So you want to be a Youth S&C coach? The 6 most important things you need to do…(Part 2)

In the first part of this series, we discussed all the various tasks and roles you may be asked to do as an S&C coach! If those tasks haven’t put you off, in this post we’ll discuss exactly what you should do, how you should do it and why, in order to stand the best chance of landing a fulltime role in S&C.

So, below you will see the top 6 things I think are important to give you the best chance of getting a full time role in sport. These are also in the order of importance from my personal perspective, which may be controversial to some!
1. Be Persistent
For me this is the number 1 factor. Degree programs for Sports Science/S&C are widely over-subscribed. As such, there are thousands of new graduates each year all vying for a limited number of internships and jobs. If you really want to make it, you’re going to have to be able to endure rejection, financial hardship and multiple low paid/voluntary work experiences to name but a few things. As an undergraduate student I was under no illusion that when my cohort graduated, we would all be applying for the same jobs and would likely see each other in the waiting room for interviews! Keep this in mind when you are studying. What factors would make an employer value you over someone else? What special skills/experience are you bringing to the table?
2. Save Money
As much as I don’t like it, you are going to have to work for free. Everyone I know who has a full time job in sport has done AT LEAST 1 season voluntarily. Often 2 seasons. Unfortunately the UKSCA doesn’t really care all that much about this issue, so it probably won’t change all that soon. So you will need to have some finances to help you through these difficult years. Live at home if you can, ride the bus if you can, eat the meals at the club house if you can. I would recommend reading the UKSCA State of the Nation survey, because it will essentially tell you, it’s pretty ugly and you’re going to work for free for a long time. So start saving!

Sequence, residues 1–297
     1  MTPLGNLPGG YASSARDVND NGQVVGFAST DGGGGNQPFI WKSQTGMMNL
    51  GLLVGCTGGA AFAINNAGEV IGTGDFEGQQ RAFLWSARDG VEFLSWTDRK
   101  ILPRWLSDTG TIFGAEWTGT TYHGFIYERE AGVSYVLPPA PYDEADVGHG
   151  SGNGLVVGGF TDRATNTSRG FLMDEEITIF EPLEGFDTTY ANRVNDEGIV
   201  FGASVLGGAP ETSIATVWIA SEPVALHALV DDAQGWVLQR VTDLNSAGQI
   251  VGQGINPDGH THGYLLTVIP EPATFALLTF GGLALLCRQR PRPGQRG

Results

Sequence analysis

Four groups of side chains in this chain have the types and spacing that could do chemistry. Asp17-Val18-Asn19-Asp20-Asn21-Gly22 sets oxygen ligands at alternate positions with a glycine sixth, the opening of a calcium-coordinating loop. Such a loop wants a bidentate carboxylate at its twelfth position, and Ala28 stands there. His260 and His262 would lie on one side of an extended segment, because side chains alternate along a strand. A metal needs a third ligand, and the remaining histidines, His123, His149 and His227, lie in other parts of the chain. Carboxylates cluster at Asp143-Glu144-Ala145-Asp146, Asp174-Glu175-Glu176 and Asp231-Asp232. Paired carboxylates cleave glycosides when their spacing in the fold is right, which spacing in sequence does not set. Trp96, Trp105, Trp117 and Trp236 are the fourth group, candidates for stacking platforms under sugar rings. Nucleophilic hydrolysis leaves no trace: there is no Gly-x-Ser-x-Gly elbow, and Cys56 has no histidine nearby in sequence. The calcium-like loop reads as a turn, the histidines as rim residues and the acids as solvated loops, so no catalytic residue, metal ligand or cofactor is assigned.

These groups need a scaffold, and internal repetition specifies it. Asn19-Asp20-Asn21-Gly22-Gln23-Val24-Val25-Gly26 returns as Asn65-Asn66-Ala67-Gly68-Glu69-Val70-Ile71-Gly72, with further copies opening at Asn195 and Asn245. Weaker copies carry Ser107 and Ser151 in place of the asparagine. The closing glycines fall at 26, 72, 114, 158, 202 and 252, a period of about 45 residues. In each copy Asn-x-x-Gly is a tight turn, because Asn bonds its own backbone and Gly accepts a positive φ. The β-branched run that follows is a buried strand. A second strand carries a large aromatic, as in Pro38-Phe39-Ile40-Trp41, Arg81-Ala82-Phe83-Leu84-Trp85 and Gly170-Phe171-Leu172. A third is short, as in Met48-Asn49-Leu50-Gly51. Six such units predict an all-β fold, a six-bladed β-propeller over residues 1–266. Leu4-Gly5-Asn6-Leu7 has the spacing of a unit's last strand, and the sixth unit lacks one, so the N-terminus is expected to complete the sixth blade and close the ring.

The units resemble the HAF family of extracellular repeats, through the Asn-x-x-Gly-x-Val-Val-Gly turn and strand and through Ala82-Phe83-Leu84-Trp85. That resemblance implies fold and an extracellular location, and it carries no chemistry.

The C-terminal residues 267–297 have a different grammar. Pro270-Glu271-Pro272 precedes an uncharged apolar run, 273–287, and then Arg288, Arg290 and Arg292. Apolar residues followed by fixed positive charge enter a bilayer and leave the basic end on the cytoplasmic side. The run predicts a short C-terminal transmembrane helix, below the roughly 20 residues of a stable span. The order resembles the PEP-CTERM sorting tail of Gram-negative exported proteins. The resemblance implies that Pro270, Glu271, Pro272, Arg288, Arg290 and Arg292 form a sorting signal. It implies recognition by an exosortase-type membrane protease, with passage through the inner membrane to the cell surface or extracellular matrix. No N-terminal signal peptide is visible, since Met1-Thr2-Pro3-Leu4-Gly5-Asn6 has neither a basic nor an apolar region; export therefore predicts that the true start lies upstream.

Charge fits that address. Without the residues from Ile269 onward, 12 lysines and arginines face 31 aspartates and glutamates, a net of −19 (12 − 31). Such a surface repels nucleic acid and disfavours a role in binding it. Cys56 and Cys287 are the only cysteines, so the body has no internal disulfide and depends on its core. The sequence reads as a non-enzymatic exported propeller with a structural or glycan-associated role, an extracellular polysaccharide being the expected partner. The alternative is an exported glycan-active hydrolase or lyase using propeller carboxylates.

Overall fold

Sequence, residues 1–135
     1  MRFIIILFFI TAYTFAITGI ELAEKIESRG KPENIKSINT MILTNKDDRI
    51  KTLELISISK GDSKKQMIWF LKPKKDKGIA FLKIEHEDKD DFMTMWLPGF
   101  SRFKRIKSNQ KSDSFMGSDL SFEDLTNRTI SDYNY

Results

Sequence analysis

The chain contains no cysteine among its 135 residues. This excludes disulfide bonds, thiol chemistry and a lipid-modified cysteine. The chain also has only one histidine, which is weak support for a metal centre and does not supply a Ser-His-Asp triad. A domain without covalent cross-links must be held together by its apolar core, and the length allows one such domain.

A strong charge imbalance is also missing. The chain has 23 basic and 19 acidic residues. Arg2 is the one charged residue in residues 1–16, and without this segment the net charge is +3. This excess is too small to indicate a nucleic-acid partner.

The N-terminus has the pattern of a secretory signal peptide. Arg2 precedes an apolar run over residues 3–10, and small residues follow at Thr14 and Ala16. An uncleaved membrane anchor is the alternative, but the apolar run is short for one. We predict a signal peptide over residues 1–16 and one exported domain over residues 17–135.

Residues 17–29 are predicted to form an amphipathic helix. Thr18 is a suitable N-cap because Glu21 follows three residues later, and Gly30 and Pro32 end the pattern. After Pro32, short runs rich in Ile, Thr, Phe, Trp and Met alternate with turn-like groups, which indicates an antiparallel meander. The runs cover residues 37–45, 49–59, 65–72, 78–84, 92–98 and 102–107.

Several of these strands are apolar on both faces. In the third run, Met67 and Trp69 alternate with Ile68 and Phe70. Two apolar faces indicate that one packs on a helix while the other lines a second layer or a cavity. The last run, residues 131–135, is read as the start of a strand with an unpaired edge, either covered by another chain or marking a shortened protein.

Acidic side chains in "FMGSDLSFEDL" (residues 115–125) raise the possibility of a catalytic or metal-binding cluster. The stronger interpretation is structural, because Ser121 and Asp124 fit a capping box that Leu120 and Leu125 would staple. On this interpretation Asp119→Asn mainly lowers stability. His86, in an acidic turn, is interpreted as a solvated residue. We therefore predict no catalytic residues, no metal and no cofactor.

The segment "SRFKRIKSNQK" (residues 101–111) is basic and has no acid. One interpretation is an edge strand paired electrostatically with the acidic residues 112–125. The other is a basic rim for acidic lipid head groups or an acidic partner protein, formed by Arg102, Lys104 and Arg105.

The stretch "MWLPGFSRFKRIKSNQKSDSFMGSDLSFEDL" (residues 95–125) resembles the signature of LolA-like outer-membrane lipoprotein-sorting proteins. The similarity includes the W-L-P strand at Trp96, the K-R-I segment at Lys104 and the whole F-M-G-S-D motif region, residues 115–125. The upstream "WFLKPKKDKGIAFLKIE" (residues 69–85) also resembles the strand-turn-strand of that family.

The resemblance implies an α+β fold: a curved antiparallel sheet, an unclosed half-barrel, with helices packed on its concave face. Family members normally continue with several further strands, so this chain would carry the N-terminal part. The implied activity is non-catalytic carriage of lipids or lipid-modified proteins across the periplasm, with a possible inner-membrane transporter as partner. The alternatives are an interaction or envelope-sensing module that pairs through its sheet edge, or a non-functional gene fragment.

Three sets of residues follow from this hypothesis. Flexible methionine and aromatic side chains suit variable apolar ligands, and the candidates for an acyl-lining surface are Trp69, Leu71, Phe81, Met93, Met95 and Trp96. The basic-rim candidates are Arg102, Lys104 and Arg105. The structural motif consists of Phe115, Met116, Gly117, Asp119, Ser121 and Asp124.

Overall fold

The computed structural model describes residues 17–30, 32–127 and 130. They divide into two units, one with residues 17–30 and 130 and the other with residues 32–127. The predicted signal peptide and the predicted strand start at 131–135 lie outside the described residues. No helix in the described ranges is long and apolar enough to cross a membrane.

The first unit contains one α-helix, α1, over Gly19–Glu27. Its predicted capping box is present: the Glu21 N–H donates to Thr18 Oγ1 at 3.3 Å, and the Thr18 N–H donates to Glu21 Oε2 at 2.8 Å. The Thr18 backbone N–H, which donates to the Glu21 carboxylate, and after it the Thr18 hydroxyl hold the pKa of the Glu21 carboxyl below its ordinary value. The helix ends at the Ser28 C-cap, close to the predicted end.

3. Get Relevant Work Experience
I would recommend reading this document from the UKSCA on internships. It’s aimed more at the intership provider, but at least you’ll be a bit more informed. Ideally, you should be completing RELEVANT work experience from DAY 1 of you degree. The longer you wait to get started, the further others are in front of you. So what sort of experience should you get?
It’s pretty well known that S&C is a pretty easy area to exploit interns. I personally have experienced clubs/organisations that recruit 4-5 interns, only to replace them with another 4-5 the following season. They aren’t necessarily wanting to equip and develop coaches, they just want free labour. Sad, but true. So you should look for organisations that have promoted/employed interns with roles after their experience has finished. If they have a link up with a university even better, that offers some (limited) protection that you aren’t being exploited.
Secondly, there should be a structured CPD program in place. This may be regular workshops, a written portfolio or assistance in completing your UKSCA. But this should be documented and definitely ask about this in your interview – and they should have a really good answer to this question. Many clubs don’t have this and think that by simply having you around are doing you a favour. You need to be doing more than putting out cones and filling water bottles. Of course, as I mentioned previously you need to be prepared to do that, but that should be all you are doing. Are there opportunities to learn/analyse GPS, Velocity based training, daily monitoring/wellness data? What skills are you going to collect during your experience other than mixing protein shakes?Otherwise you’ve given a season to a club and learnt next to nothing and this is very easy to do!
Revolution fist holding money concept
Try and stay alive!

Third – Ideally there should be some sort of remuneration to keep you alive. This has been a relatively new concept in internships in S&C, but realistically a club that isn’t prepared to pay expenses as a minimum, also probably isn’t prepared to pay for a decent CPD program and probably just views you as free labour! However, some forward thinking clubs are now offering a wage to their interns, which is a leap forward from how it used to be! I remember interning at a Championship football club that had fulltime interns for free (40+ hours per week) and they also had to work on the side to survive financially – what a nightmare!